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Mol Cell. 2008 Sep 5;31(5):650-9. doi: 10.1016/j.molcel.2008.06.020.

Bypassing Sir2 and O-acetyl-ADP-ribose in transcriptional silencing.

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Department of Pharmacology, Robert Wood Johnson Medical School, University of Medicine and Dentistry of New Jersey, Piscataway, NJ 08854, USA.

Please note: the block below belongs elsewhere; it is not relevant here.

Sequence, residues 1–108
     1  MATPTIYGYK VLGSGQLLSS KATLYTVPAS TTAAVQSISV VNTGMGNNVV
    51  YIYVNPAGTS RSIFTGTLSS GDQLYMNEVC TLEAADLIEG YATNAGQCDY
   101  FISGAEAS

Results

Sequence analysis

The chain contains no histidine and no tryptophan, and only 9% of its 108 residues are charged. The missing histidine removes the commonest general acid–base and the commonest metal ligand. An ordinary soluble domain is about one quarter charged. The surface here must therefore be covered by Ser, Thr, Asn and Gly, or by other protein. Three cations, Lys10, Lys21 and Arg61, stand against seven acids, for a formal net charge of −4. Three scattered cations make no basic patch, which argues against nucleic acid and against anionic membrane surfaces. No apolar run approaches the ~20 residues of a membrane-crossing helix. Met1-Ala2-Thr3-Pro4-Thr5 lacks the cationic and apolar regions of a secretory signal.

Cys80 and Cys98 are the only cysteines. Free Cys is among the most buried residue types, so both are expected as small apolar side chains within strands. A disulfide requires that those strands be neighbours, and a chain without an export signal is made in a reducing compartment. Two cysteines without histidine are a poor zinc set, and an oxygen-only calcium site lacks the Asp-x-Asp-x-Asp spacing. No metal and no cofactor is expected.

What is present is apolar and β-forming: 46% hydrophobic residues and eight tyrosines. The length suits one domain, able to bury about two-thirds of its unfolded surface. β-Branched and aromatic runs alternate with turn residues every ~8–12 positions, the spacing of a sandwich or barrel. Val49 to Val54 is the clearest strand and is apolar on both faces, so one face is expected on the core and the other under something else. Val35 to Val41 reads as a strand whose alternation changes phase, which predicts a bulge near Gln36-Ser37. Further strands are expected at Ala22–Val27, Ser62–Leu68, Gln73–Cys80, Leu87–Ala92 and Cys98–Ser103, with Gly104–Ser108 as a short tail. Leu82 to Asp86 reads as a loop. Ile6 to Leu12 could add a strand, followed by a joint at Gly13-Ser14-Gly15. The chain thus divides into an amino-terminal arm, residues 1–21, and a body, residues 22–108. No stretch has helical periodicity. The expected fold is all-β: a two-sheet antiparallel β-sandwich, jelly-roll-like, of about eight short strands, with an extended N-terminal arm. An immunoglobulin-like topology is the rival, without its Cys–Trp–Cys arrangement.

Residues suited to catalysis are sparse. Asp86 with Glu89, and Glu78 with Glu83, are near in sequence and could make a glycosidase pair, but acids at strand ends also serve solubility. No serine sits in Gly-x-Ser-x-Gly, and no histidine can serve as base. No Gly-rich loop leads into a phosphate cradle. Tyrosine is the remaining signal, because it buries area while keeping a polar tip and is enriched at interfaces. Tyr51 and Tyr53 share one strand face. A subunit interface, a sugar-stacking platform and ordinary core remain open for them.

The yeast Sir2/3/4 complex forms a heterochromatin-like structure that represses transcription. The proteins nucleate at silencers and spread distally, utilizing the Sir2 NAD(+)-dependent histone deacetylase activity and the affinity of Sir3/4 for deacetylated histone tails. A by-product of the Sir2 reaction, O-acetyl-ADP-ribose (OAADPr), is thought to aid spreading by binding one of the Sir proteins. We developed a protein chimera approach to reexamine the contributions of Sir2. We show that a Sir3 chimera-bearing Hos3, an unrelated NAD(+)-independent histone deacetylase, substitutes for Sir2 in silencing. Sir3-Hos3 operates within the Sir pathway, spreading while deacetylating histones. Moreover, the chimera represses HM loci in strains lacking all five OAADPr-producing deacetylases, indicating that OAADPr is not necessary for silencing. Repression by a Hos3 hybrid bearing the targeting motifs of Sir2 shows that targeting doesn't require the Sir2 reaction. Together, these data demonstrate that protein deacetylation is the only essential function of Sir2 in creating silenced chromatin.

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